As well, the Nationwide series has been on Il Notre Dame the last two years so it’s not like the track did not see racing yet this was exactly what Brundle inferred and I found his phrasing very peculiar. Any explanations?

Attracting the Quebec Formula Ford drivers is obviously not a concern for the CAN AM race folks as they chose the same date as the Montreal GP! Brilliant!

David White wrote:
'Attracting the Quebec Formula Ford drivers is obviously not a concern for the CAN AM race folks as they chose the same date as the Montreal GP! Brilliant!'

As Norris said, CAN AM was first on that date, but to any Quebec FF drivers it was a no brainer where to race after the F1 weekend became known.
The F1 supporting race package was put together rather late, just as all the promotion work, as it was described.
Hopefully CASC learned to move it back to Celebration Weekend.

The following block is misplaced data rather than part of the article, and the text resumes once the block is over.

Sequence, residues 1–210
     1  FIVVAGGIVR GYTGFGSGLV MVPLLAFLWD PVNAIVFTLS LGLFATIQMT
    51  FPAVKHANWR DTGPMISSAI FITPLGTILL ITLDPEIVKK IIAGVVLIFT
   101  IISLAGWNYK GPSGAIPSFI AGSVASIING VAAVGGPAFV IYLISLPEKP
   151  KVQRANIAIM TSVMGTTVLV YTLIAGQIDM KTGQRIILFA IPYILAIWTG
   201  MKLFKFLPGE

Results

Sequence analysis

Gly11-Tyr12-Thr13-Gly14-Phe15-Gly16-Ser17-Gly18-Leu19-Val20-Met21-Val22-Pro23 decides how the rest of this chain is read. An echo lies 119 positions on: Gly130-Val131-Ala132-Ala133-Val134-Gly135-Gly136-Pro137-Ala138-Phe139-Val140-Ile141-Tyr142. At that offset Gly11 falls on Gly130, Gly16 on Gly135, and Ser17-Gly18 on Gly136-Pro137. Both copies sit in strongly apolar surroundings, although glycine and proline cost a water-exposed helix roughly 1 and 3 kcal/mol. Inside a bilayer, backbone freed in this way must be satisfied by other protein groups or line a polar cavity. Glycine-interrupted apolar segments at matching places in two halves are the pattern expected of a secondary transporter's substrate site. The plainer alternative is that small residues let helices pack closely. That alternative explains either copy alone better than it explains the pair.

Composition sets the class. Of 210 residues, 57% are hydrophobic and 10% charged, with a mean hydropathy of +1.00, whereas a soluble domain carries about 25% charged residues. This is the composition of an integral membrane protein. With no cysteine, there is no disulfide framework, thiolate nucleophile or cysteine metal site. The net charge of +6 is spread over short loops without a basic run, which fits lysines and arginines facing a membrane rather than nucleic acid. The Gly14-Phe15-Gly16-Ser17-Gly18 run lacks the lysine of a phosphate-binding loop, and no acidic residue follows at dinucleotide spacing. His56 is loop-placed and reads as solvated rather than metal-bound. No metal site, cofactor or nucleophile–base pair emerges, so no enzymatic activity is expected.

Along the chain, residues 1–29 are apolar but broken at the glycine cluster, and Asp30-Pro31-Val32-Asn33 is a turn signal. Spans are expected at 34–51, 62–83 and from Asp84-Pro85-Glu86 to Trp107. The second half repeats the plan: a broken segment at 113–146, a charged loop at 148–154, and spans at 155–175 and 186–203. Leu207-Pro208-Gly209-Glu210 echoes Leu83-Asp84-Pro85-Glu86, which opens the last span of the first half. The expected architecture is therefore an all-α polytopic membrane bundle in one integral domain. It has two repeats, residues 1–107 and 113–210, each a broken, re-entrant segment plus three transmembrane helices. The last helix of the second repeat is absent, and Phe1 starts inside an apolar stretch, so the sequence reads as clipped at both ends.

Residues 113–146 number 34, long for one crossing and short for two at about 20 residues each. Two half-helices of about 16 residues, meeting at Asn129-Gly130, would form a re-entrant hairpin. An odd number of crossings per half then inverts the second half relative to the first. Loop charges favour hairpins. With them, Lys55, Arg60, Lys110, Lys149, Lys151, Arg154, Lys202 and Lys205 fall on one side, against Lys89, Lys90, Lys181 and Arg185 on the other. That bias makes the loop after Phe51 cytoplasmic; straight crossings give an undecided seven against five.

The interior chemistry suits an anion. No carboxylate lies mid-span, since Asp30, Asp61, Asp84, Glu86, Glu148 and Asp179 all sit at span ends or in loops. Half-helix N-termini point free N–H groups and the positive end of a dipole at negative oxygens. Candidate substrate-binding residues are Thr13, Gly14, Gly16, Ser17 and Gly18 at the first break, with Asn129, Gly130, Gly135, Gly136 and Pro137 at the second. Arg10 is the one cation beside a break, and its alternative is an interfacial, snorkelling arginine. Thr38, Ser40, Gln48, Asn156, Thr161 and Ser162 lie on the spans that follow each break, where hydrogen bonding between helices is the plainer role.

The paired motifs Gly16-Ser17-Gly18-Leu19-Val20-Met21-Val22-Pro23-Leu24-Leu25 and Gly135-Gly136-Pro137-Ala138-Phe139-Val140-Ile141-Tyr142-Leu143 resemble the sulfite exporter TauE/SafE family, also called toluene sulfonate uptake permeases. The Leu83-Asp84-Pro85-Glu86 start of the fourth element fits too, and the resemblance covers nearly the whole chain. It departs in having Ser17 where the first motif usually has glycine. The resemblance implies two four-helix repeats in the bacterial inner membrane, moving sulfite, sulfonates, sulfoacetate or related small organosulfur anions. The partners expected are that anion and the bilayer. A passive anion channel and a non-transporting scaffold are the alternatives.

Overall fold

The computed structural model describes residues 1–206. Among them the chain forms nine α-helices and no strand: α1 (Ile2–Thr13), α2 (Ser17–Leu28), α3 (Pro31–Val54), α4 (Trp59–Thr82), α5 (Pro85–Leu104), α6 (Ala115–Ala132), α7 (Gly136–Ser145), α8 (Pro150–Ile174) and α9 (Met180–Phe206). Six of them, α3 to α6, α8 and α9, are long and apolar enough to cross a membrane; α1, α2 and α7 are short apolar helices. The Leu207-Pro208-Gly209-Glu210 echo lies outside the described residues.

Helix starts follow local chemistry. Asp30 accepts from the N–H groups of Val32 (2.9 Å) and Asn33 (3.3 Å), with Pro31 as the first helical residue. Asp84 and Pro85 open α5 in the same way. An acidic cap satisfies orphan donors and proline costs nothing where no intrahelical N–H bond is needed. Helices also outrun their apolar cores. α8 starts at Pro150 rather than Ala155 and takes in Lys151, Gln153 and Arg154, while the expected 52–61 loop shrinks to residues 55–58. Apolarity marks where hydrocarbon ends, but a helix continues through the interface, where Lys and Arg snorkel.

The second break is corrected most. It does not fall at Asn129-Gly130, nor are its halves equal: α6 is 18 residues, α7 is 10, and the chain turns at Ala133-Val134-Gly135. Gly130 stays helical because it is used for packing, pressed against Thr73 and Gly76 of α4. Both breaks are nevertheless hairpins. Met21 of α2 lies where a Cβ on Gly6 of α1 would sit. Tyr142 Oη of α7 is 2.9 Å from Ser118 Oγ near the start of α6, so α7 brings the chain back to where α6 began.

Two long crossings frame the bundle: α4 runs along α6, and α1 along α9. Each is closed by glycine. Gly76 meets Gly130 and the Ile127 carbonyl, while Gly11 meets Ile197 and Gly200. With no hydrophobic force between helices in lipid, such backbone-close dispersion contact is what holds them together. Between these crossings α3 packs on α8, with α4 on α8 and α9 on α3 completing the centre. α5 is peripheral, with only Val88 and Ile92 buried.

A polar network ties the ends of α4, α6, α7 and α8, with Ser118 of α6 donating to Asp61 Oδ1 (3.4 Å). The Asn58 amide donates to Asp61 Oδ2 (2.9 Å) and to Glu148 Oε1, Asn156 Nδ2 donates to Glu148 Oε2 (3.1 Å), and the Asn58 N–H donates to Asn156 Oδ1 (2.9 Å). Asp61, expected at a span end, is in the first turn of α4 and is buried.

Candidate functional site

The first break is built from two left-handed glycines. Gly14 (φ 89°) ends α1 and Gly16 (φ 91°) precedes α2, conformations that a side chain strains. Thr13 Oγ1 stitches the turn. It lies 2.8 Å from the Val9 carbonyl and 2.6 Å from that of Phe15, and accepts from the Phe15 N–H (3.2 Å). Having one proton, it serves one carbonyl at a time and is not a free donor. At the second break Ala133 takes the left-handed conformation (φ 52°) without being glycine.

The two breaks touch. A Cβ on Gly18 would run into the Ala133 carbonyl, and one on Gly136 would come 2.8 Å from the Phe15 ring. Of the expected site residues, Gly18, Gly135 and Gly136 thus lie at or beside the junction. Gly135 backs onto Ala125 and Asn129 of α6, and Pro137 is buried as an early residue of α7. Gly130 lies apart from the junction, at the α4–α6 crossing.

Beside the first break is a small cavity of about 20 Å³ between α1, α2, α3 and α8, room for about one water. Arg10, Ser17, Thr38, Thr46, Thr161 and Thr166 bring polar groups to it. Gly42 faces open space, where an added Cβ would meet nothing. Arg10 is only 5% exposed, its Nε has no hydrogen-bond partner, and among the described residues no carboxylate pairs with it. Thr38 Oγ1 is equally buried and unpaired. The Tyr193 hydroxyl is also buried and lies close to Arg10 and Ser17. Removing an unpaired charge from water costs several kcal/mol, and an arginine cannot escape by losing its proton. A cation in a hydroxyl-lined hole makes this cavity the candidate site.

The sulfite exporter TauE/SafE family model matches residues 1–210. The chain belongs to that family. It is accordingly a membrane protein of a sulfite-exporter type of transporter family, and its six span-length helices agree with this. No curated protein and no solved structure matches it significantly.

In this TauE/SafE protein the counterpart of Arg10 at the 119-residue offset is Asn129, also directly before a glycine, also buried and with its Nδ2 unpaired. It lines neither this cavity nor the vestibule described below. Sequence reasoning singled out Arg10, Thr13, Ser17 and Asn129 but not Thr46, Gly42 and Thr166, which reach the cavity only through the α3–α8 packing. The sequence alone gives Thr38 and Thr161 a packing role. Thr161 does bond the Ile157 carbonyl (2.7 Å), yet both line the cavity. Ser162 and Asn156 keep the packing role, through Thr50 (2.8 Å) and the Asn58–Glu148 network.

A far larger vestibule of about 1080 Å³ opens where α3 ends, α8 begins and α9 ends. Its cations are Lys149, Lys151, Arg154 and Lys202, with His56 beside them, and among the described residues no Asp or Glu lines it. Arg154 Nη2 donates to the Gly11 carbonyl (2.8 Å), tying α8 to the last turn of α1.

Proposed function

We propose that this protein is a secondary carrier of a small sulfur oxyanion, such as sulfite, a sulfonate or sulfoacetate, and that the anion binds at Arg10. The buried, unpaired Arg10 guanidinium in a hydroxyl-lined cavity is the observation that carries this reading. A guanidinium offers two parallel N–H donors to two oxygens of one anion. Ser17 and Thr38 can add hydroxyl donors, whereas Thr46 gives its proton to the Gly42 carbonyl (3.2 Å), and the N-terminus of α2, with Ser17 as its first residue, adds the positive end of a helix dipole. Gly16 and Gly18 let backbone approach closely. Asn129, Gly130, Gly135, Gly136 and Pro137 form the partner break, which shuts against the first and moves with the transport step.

By allenparkpete:
'Why would it matter that F1 had not been there in two years? Even if they were there last year, surely the ‘rubber’ would be long gone with the four seasons of Montreal taking hold on that race surface.

Or am I wrong about that?

As well, the Nationwide series has been on Il Notre Dame the last two years so it’s not like the track did not see racing yet this was exactly what Brundle inferred and I found his phrasing very peculiar. Any explanations?'

It does not really matter whether one or two race weekends on that track. Unless the race weekends are back to back, them being months apart is like not having any race on it at all, as far as rubbering in is concerned.

The trouble was with the type of asphalt and the type of tire not liking one another. After three hours of practice on Friday and two more hr running on Saturday, it should have rubbered in (unless rain falling overnight). Yet it didn't.